The American Colony in Jerusalem, 1870 to 2006 is a diverse collection held at the Library of Congress and published on their website. It discusses, as the name suggests, the American Colony in Jerusalem, which was an attempt of several Americans to form a Christian utopian society. Eventually the colony was joined by Christians from other nationalities, including Swedish Christians, and did philanthropic works in the myriad of communities that exist in Jerusalem, including the local Muslim, Jewish, and Christian communities. The sources on the site extend from the founding of this colony to the early 2000s, when the colony no longer formally existed as an attempted utopia, but still influenced the community. They include manuscripts, letters, postcards, telegrams, diaries or journals, scrapbooks, printed materials, photographs, hand-drawn maps and ephemera from throughout that period and offer a wide-lens view of the history of the American Colony in Jerusalem.
This collection was given as a gift to the Library of Congress from the board of directors of the American Colony of Jerusalem, Ltd., where it can now be accessed by the general public. In addition to the primary sources themselves, the Library of Congress also displays articles and essays about the colony, giving context to the collection as a whole. Beyond this collection, the Library of Congress website is an open-access resource available for students and teachers to browse. It boasts a wide selection of documents, many of which are free to use. These documents include photographs, books, films, web archives, legislation and more, from a range of subjects and time periods. The Library of Congress also offers some lesson plans making use of primary sources they host, a blog describing teaching methods, and other resources to enhance both the student and teacher experience. These resources, combined with its easy to use platform, make it, as well as this collection, great resources and guides for use in the classroom.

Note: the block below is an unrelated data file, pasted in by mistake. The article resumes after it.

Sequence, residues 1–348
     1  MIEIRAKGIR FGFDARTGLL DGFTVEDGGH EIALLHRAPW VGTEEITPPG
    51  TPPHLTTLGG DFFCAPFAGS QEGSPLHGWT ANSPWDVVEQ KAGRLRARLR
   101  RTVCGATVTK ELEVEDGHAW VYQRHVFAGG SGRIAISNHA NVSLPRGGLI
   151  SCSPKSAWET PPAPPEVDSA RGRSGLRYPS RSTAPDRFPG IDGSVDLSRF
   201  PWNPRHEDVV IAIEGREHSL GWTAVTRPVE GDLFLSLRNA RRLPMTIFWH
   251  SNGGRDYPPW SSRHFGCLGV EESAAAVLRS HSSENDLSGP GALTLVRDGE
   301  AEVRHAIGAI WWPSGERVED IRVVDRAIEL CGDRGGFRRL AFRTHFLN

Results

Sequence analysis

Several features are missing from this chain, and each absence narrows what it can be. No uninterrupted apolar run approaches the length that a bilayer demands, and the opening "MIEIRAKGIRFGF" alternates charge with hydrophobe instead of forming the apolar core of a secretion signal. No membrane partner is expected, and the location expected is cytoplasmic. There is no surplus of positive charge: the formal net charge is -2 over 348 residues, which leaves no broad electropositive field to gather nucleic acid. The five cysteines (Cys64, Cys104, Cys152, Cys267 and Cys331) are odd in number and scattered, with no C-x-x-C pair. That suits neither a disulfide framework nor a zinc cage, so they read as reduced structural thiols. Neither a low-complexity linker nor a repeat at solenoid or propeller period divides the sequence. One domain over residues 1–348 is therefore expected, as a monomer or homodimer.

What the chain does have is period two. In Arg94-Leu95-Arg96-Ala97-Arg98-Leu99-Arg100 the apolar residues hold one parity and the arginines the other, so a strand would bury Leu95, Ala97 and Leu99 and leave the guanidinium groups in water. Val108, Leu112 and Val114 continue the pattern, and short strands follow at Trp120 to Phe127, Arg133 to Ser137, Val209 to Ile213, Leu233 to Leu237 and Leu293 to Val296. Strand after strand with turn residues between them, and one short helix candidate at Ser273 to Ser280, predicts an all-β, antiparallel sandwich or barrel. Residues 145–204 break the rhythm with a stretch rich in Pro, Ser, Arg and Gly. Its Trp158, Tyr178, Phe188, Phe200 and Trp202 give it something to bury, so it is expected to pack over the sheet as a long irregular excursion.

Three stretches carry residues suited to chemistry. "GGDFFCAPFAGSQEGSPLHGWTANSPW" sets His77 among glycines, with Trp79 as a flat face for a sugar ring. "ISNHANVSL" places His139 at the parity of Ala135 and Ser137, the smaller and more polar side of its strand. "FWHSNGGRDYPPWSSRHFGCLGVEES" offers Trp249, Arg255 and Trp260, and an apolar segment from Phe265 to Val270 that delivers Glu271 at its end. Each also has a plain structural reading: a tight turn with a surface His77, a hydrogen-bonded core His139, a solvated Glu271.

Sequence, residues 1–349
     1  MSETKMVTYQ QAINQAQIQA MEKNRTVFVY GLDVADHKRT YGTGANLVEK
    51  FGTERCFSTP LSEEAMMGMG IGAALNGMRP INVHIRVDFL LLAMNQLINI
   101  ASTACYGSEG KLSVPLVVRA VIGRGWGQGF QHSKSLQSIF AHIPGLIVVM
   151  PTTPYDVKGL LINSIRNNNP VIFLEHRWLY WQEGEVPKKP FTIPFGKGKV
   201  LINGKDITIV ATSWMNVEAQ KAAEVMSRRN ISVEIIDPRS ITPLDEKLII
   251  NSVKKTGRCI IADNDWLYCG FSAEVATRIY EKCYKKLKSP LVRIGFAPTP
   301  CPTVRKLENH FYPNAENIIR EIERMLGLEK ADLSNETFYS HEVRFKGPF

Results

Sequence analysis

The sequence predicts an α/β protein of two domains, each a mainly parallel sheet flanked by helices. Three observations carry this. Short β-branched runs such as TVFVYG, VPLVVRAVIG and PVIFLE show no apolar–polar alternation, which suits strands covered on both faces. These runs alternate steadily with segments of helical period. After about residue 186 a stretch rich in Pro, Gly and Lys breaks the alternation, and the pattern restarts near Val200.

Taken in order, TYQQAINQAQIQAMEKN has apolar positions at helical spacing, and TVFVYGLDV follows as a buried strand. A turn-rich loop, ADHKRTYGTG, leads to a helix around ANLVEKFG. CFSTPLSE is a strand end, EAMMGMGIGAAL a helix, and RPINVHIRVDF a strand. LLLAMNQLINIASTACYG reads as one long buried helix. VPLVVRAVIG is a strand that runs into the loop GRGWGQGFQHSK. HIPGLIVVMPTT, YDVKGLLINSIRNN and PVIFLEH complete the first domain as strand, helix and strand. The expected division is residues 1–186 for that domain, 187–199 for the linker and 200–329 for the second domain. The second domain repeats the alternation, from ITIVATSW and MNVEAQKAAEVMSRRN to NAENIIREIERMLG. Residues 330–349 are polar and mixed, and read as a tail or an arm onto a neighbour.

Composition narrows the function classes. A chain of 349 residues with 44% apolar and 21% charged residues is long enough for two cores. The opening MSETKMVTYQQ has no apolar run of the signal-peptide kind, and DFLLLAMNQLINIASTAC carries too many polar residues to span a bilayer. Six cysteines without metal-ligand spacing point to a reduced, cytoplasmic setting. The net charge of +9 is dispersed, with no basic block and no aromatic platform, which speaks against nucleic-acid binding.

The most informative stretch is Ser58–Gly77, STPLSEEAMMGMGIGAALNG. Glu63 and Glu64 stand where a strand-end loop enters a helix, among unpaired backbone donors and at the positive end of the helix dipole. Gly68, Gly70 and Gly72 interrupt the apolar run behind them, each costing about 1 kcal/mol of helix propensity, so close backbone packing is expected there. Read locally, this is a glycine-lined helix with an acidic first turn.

The collection is useful for its variety of types of materials and focus of those materials. In a classroom setting, it might be used to study religion, as well as the history of Jerusalem more specifically. Especially considering the recent public consciousness of Israeli/Palestinan affairs, learning about the history of that region, including immigration and American influences there, can be useful for everyone, not just students, to better understand how and why the region functions today.